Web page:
In Texas we like to believe that our legislature is made up of citizen legislators. We believe this for several reasons. One reason is because we perceive them as working only part-time, they are constitutionally mandated to meet for 140 days every two years.
The constitutional design of the legislative branch and the political history of Texas have combined to make “the lege,” as insiders and observers call it, a peculiar institution. The Texas Constitution creates a part-time legislature that meets for a relatively brief 140 days every other year. The members, so-called citizen legislators, work within a political culture with a strong suspicion of government and a long history of accepting the involvement of wealthy business interests in politics.
Another reason is that their low salary keeps them from making a living from the state and therefore more likely to do the people’s work.
State legislators are paid meager salaries. Senators and representatives alike earn only $7,200 per year, or $14,400 for a two-year legislative period. Some may consider this salary generous, since after all legislators work only for 140 days over two years. However, this salary equals just slightly over $100 per day. Even if our legislators worked only eight hours per day, this would equal only $12.86 per hour for the people who make our state laws and conduct oversight of executive branch offices.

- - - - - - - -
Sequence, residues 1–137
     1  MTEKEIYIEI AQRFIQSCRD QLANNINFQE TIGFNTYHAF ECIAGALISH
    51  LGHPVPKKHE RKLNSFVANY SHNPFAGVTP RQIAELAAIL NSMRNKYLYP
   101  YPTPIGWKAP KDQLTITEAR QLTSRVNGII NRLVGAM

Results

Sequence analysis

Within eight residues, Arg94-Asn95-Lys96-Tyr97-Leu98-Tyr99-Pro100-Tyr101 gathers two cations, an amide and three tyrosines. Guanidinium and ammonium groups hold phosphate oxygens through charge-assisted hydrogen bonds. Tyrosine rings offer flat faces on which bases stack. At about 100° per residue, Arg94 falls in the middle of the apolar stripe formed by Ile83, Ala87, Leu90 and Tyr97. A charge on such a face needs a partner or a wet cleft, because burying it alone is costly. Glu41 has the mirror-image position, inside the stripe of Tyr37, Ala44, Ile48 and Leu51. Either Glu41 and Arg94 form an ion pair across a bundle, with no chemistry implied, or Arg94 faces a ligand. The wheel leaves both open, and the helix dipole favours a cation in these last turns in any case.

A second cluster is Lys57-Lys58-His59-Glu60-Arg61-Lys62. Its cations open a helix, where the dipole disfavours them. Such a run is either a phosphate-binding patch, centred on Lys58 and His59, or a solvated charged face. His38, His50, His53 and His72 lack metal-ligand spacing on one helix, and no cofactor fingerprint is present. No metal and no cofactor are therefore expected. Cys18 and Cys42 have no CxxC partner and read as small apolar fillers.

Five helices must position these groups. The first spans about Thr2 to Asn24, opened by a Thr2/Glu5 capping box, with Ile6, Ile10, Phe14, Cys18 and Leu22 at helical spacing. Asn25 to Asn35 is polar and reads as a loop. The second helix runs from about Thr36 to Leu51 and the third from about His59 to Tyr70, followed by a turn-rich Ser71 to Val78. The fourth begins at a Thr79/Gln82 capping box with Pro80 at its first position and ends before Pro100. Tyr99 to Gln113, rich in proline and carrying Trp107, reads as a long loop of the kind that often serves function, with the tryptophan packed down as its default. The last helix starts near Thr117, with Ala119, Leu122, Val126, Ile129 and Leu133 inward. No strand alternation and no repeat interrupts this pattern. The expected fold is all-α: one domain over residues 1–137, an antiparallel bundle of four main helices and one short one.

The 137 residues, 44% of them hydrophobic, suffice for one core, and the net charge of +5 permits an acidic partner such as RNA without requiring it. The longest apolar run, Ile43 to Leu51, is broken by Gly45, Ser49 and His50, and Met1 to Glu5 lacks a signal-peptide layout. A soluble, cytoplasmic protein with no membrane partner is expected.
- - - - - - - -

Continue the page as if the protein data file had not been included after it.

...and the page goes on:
In addition to their annual salary all legislators and the lieutenant governor receive a per diem personal allowance of $128 for every day the legislature is in session (both regular and special sessions). This adds up to $17,920 for the regular 140-day session. Annual compensation for the year in which the legislature is in session totals $25,120 – which includes the $7,200 salary and $17,920 per diem allowance. For the biennial term, legislators earn $32,320, or a yearly average of $16,160.
While legislators do make more than the $7,200 annual salary it’s still not a lot of money. While these two reasons are why many believe in the citizen legislator myth, it is also exactly why very few citizens can actually run for and serve in the legislature in modern day Texas. The word citizen, as used in this context infers the common person. But in reality only those who are independently wealthy or whose job allows them the time off for the legislative session can afford to run for, and serve, in the legislature. While the lore of a part-time “citizen legislature” that meets every other year to blunt the effects of carpetbaggers makes a great tale, it is today little more than that.
But as the twenty-first century unfolds, the Legislature remains a curious combination of old-style politics, nineteenth century institutional design, and the realities of a state with 22 million people, many of whom live in or near some of the largest urban areas in the country.
That “curious combination” is now, quite possibly, causing more problems than it’s worth. There are several recent stories swirling around the Texas Legislature that point out structural weaknesses in how we fund it. Tales of “ghost workers”, spouses being paid with campaign funds, and legislators using campaign funds to pay off credit cards, are more the norm these days, than is the myth of the legislator coming for 140 days every two years and going back to the farm, ranch of general store. More often than not it’s the lawyer, insurance man, or consultant that can afford to be a legislator.